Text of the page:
Entrepreneurs and self-employed individuals will need to follow a similar process to obtain a work visa. If you plan to open a business in Italy, you will need to apply to the Chamber of Commerce for a certificate confirming their approval of the business you’re hoping to open. Requirements vary from case to case but you will generally need to prove your funding and qualifications, as well as business plans and credentials. Self-employed work visas tend to be valid for two years.

Note that applicants hoping to run a start-up business may be eligible for a specific ‘Start-up Visa’. More details can be found on the Italian Visa Startup website.

Seasonal/fixed-term workers

Seasonal, part-time, and fixed-term contract workers will need to follow a similar process to those with full-time salaried employment. Your employer will complete most of the visa on your behalf, although visas are usually only issued for six months, and extended for a further three months.

 Good to know:

Under the ‘Working Holiday Agreement’, if you are aged 18-30 years old and from Australia, New Zealand, or South Korea, or aged 18-35 years old from Canada, you can apply for a visa which will allow you to work for up to one year in Italy, provided you confirm that your primary intention is to travel. If you are a citizen of Canada, you may be able to extend this to two years.

An Italian Elective Residence Visa

An Italian Elective Residence is for non-EU, EEA, and Swiss citizens who have chosen Italy as a permanent residence and who are able to support themselves without having to obtain employment in the country (dependent, self-employed, or remote). People who usually obtain this type of visa are retired or have high self-sustaining incomes and financial assets, for example, people with international investments or international properties. With this form of visa, you are not permitted to finance the residency through employment.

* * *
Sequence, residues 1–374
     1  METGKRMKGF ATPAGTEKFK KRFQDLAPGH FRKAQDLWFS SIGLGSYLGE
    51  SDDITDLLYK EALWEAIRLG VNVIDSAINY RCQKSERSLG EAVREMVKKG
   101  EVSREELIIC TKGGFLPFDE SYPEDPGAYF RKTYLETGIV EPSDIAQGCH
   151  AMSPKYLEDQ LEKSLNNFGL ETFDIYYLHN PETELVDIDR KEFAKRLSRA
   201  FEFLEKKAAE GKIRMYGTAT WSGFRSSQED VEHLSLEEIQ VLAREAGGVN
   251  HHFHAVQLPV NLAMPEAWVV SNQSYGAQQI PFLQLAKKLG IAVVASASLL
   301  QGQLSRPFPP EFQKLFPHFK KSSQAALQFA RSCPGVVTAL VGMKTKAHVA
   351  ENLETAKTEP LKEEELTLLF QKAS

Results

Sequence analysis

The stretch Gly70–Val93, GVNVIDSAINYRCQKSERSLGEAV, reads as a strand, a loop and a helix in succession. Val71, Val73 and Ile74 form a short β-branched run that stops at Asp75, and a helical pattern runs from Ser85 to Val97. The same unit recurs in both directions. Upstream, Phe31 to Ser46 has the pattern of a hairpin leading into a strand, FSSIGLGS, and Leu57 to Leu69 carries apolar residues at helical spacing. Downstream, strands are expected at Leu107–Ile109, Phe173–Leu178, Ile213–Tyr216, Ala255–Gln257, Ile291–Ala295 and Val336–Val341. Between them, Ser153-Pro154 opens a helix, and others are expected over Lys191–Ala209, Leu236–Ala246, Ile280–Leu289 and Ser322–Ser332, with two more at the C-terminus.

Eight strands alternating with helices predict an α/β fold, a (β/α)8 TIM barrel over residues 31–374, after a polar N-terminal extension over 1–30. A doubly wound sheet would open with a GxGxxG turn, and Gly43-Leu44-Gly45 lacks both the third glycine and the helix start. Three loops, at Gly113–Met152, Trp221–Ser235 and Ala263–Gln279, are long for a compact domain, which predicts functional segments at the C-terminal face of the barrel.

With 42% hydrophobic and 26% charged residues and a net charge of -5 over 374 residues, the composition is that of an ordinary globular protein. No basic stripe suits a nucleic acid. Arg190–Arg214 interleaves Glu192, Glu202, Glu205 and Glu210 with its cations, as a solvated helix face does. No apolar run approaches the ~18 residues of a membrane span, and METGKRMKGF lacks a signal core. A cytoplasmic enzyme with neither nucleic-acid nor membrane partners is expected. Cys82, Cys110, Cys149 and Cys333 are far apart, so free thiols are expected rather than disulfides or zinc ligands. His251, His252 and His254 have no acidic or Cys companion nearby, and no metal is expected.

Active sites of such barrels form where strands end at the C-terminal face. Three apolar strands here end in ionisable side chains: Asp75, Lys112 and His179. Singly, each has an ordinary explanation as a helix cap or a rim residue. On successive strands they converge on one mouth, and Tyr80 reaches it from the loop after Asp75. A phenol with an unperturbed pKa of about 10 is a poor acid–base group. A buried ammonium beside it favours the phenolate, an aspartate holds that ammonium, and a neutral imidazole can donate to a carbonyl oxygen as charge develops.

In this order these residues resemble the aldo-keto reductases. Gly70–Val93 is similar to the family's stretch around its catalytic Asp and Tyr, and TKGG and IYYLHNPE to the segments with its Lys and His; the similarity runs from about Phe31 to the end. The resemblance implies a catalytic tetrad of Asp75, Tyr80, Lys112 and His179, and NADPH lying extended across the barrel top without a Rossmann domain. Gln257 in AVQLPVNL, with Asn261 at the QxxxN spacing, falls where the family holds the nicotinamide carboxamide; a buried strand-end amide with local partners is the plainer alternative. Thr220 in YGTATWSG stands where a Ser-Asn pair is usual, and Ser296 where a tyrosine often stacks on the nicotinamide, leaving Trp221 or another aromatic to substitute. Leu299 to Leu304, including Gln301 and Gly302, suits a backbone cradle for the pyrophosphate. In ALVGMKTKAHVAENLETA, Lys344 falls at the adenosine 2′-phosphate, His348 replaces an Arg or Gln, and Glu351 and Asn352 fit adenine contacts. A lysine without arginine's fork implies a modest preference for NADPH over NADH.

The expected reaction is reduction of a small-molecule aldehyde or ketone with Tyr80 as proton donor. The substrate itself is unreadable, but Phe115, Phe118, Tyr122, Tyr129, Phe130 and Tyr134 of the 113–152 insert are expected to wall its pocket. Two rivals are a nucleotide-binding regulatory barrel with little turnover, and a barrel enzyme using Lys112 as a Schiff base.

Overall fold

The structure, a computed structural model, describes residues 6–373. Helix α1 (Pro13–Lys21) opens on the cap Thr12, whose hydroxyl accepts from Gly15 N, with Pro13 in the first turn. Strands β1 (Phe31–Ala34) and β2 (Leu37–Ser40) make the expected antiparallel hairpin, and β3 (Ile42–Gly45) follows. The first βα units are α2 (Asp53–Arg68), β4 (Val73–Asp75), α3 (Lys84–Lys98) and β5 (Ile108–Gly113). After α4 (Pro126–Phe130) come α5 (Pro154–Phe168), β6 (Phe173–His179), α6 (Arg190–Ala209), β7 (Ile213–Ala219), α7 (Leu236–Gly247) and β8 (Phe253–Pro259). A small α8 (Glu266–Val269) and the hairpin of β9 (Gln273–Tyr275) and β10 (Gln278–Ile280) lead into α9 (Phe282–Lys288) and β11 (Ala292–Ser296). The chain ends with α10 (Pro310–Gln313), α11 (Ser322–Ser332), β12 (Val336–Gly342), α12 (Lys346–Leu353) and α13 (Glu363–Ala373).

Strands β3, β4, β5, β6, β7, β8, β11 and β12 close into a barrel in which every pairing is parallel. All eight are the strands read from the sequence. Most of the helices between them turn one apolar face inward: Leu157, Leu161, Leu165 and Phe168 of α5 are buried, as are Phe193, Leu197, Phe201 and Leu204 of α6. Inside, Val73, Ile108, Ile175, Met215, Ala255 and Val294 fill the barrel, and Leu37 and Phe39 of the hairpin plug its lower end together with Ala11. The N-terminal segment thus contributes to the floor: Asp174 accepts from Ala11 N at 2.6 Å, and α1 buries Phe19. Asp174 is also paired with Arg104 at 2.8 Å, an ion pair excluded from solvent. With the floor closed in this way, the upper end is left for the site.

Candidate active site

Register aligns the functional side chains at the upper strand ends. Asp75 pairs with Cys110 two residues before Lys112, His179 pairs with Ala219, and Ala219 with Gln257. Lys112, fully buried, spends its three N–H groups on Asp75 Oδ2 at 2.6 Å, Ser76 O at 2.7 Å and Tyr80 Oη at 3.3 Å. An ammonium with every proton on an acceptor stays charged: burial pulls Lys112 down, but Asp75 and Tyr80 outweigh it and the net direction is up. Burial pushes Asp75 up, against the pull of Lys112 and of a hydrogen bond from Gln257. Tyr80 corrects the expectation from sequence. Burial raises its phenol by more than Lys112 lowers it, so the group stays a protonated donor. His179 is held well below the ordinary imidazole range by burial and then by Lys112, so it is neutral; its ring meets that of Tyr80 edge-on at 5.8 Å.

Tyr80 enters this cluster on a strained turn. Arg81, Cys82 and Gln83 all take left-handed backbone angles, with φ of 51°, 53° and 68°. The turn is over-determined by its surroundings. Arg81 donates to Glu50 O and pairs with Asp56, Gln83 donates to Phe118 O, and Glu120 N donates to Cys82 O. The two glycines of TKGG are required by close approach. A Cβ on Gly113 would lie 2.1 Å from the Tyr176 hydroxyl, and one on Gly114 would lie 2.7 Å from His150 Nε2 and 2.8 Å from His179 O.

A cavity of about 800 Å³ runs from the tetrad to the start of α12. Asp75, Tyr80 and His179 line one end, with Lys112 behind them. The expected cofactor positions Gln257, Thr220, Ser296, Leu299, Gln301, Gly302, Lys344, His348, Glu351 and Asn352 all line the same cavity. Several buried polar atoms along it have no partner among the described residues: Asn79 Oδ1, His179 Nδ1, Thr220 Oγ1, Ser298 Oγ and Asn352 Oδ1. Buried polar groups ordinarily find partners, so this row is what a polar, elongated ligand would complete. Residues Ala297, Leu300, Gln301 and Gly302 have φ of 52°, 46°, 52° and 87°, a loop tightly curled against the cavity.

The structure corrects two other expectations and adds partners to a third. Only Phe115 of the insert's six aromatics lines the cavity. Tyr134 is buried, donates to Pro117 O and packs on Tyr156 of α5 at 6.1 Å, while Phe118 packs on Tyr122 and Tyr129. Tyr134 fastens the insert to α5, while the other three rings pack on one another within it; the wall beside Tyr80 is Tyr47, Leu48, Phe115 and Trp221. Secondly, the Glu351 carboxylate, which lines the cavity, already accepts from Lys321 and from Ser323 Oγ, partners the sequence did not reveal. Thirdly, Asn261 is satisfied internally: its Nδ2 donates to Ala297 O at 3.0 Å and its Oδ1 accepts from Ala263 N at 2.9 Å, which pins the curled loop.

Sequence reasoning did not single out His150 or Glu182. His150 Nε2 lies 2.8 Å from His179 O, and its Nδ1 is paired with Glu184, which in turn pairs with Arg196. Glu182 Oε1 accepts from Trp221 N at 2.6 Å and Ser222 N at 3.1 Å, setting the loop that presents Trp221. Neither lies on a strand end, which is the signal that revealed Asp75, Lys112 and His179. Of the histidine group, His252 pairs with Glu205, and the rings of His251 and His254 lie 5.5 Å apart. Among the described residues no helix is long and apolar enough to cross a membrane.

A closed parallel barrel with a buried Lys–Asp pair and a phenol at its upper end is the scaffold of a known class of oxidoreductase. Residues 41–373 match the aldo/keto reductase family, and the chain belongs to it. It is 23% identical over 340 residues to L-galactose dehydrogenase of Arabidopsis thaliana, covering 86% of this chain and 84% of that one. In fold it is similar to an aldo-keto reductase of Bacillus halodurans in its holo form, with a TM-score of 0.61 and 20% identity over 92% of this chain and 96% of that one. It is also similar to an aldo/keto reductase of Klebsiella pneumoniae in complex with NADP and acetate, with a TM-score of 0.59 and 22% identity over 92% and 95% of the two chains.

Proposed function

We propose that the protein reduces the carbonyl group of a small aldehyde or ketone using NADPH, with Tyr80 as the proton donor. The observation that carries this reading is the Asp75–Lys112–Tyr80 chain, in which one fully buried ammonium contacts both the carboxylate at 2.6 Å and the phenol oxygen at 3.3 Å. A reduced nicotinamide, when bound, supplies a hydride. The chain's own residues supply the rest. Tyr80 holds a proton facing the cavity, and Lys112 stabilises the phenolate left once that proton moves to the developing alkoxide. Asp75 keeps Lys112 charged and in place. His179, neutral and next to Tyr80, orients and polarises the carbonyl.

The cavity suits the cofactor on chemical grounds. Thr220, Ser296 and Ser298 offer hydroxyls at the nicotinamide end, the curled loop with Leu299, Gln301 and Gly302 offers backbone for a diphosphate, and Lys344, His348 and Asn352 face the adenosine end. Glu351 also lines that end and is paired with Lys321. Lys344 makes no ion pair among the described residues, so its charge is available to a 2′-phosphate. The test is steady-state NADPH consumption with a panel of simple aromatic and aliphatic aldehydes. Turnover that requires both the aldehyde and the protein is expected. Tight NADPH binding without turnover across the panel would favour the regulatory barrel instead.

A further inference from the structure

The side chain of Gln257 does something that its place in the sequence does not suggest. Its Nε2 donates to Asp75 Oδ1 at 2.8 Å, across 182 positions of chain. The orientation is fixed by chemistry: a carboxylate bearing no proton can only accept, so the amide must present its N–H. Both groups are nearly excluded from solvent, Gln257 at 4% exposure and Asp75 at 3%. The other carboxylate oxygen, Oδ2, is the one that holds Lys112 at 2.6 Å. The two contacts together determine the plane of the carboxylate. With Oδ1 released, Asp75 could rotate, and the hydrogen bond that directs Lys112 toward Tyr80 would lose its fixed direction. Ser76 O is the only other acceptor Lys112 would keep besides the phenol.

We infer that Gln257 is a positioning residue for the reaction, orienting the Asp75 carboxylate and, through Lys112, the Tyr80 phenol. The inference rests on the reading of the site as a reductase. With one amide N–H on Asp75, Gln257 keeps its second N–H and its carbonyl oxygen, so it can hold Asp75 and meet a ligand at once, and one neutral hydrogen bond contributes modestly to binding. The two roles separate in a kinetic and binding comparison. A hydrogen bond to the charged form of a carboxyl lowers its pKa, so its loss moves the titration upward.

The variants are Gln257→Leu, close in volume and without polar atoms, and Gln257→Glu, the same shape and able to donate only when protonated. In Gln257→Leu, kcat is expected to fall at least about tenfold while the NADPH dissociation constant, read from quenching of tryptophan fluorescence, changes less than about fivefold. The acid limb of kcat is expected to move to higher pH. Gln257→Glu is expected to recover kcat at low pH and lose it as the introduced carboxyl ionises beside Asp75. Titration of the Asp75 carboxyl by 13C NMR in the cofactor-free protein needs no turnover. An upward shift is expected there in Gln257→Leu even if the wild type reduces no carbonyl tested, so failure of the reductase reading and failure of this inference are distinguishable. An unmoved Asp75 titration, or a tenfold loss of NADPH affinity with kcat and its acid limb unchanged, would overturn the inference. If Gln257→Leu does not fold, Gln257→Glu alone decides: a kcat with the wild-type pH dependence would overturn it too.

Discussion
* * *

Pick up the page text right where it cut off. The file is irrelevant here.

Student visa

You can apply for a student visa if you are over 18 years old. You must be able to prove that you are enrolled in a course in an Italian educational institution or professional training for a specific amount of time. Student visas must be obtained before arrival in Italy – they are issued by the Italian Embassies and consular posts in your country of residence.

EU, EEA, and Swiss students do not need a visa but must have a valid passport and register with the local police station for a residency permit.

Most student visas allow you to work for up to twenty hours per week but non-EU students must obtain a work permit, which can take up to two months. For more details, go to the educations.com website.

In order to apply for a student visa, you must provide a passport photo, passport, letter of acceptance from the university, proof of adequate financial means of support including the amount necessary to return to your country of residence or a valid return ticket, health documents, and proof of accommodation.

Family Reunification Visa

A Family Reunification Visa can be applied for once you have a long-term residence permit and you have an adequate yearly gross income to provide for all reunited family members. Family members include legitimate adult spouse, unmarried minor children or those of your spouse, dependent adult children with serious health difficulties, dependent parents who do not have children in their country of origin or parents over 65 (if their other children cannot provide support due to proven health reasons). Family members must obtain a long-term visa (Visa D) and apply for a residency permit upon entry into the country.

 Useful links:

Ministry of Foreign Affairs of Italy
EU Immigration Portal
Schengen Visa Portal

We do our best to provide accurate and up to date information. However, if you have noticed any inaccuracies in this article, please let us know in the comments section below.